Richard Powers's "The Overstory" soars up through the canopy of American literature and remakes the landscape of environmental fiction.
Long celebrated for his compelling, cerebral books, Powers demonstrates a remarkable ability to tell dramatic, emotionally involving stories while delving into subjects many readers would otherwise find arcane. He's written about genetics, pharmaceuticals, artificial intelligence, music and photography. In 2006, his novel about neurology, "The Echo Maker," won a National Book Award. And now he's turned his attention, more fully than ever before, to our imperiled biome and particularly to the world's oldest, grandest life-forms: trees.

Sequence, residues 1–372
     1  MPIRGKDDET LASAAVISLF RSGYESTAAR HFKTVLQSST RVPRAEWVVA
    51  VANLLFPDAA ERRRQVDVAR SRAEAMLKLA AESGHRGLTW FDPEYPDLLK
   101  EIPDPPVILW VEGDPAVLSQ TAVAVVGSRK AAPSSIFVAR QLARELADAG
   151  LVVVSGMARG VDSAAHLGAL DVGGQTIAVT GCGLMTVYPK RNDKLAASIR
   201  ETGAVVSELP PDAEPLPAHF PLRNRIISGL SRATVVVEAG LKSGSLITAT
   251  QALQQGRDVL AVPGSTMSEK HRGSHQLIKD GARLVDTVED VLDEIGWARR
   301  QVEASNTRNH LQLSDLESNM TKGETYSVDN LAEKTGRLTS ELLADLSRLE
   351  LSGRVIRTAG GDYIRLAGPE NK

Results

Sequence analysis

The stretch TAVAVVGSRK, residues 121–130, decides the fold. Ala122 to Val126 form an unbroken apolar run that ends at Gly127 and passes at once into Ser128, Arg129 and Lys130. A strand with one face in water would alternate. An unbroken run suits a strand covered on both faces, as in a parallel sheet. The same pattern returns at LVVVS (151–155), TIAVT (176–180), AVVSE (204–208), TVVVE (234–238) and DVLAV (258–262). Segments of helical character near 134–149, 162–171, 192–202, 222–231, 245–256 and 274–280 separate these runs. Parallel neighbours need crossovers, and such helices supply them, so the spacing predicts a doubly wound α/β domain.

"The Overstory" moves the way an open field evolves into a thick forest: slowly, then inevitably. For a while, its various stories develop independently, and it's not apparent that they have anything to do with one another. But have faith in this world-maker. Powers is working through tree-history, not human-history, and the effect is like a time-lapse video. Soon enough his disparate characters set out branches that touch and mingle: Before the Civil War, a Norwegian immigrant travels to Iowa and begins homesteading in the largely empty new. . . .
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